Ford Edge, Lincoln Nautilus in Danger?

Steph Willems
by Steph Willems
ford edge lincoln nautilus in danger

Ford’s utility vehicle lineup may grow too crowded to sustain the midsize Edge and its Lincoln Nautilus sibling for much longer. That’s the opinion of AutoForecast Solutions’ Sam Fiorani, who claims the Blue Oval has cancelled next-generation versions of both models.

Introduced for the 2015 model year and facelifted for 2019, the two-row Edge and Nautilus (formerly, the MKX) slot between the compact Escape and three-row Explorer, but the appearance of new models in the coming years might trample these models into the dust. If so, it could spell the end of Ford’s vehicle manufacturing presence north of the border.

The current generation of Edge and Nautilus is expected to run its course by early 2023, and a direct replacement doesn’t seem likely, Fiorani said, as reported by Automotive News Canada.

After last year’s cancellation of the Ford Flex and Lincoln MKT, the Edge and Nautilus are the only models rolling out of Ford’s Oakville, Ontario assembly plant. “Unless Ford decides on a different program to replace the Edge, there’s no future for Oakville,” Fiorani said.

That would leave Ford with just two propulsion plants north of the border. Eager for profits, slimmed-down costs, and a boosted stock price, Ford might see Canada as too expensive a locale for production. The current labor contract with the automaker’s Canadian workforce expires this fall, and you can be sure the continued operation of its sole car plant will be top of mind.

Why would the Edge and Nautilus vanish in the first place, you ask? New additions to the Ford lineup. Among them, the upcoming Bronco and smaller Bronco Sport, as well as the addition of new midsize electric SUVs slated to appear around the same time as the Edge and Nautilus’ supposed departure. In such a scenario, the middle of the market would simply be too crowded.

While the Edge boasts steady sales in both the U.S. and Canada, European sales haven’t proven healthy, and a considerable measure of the model’s volume can be attributed to less-lucrative fleet sales, Fiorani said. As well, the midsize Nautilus now has a footprint twin in the new, rear-drive Aviator, which better projects the image Lincoln wants buyers to see.

For its part, Ford is staying tight-lipped about the possibility of culling these models, and of vacating Canadian car manufacturing. The first Ford to roll off a Canuck assembly plant emerged from a Windsor, Ontario factory in 1904.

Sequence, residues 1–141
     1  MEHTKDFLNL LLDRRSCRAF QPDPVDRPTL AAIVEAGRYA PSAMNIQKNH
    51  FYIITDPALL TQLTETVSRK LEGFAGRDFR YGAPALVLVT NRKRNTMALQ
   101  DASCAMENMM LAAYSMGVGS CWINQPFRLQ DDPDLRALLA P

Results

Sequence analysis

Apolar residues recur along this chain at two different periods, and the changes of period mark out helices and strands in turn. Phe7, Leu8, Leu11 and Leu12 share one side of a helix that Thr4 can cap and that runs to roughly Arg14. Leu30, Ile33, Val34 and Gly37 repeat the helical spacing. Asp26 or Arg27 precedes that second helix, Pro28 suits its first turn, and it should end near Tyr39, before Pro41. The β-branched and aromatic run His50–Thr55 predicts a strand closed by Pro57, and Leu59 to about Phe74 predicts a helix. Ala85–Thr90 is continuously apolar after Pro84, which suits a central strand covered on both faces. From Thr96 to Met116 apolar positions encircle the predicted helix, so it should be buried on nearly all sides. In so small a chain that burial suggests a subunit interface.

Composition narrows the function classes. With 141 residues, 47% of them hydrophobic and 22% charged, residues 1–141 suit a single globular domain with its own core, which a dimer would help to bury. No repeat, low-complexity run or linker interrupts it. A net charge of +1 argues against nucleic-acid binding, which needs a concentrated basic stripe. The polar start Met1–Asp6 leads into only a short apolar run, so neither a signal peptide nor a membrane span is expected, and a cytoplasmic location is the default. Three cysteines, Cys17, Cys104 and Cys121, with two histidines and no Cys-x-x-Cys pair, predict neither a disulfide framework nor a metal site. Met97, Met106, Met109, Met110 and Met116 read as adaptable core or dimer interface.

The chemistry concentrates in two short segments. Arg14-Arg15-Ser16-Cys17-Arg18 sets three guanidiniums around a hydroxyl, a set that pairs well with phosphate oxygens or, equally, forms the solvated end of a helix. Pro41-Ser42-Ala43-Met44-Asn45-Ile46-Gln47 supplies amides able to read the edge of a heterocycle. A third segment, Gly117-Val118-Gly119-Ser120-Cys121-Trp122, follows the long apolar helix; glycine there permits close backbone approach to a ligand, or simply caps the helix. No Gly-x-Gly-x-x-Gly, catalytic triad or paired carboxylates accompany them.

[Images: Ford Motor Company]

Join the conversation
2 of 20 comments
  • Brn Brn on Jun 15, 2020

    Didn't the last Escape get larger? Maybe the next Escape will be even larger yet. For has plenty of platforms to fill the gap that'd create below the Escape. I doubt we'll see a drop in the number of offerings.

  • Jthorner Jthorner on Jun 16, 2020

    Well, just how many different Ford SUV models does the market support? This all SUVs, all the time game plan is destined for rationalization. Small, medium and large. One model of each should be plenty. Add trim and power-train options as needed to hit a broad market.

  • RHD Toyota is trying to hedge their bets, and have something for everyone. They also may be farther behind in developing electric vehicles than they care to admit. Japanese corporations sometimes come up with cutting-edge products, such as the Sony Walkman. Large corporations (and not just Japanese corporations) tend to be like GM, though - too many voices just don't get heard, to the long-term detriment of the entity.
  • Randy in rocklin The Japanese can be so smart and yet so dumb. I'm America-Japanese and they really can be dumb sometimes like their masking paranoia.
  • Bunkie The Flying Flea has a fascinating story and served, inadvertently, to broaden the understanding of aircraft design. The crash described in the article is only part of the tale.
  • Master Baiter "I like the Earth."The idea that modern combustion engines are incompatible with the ongoing survival of the Earth, or of humanity, is breathtakingly stupid. Climate alarmism is akin to a religion--one to which I do not subscribe.
  • Skippity Key takeaways.Toyota is run by competent businessmen.Art doesn’t like Toyota.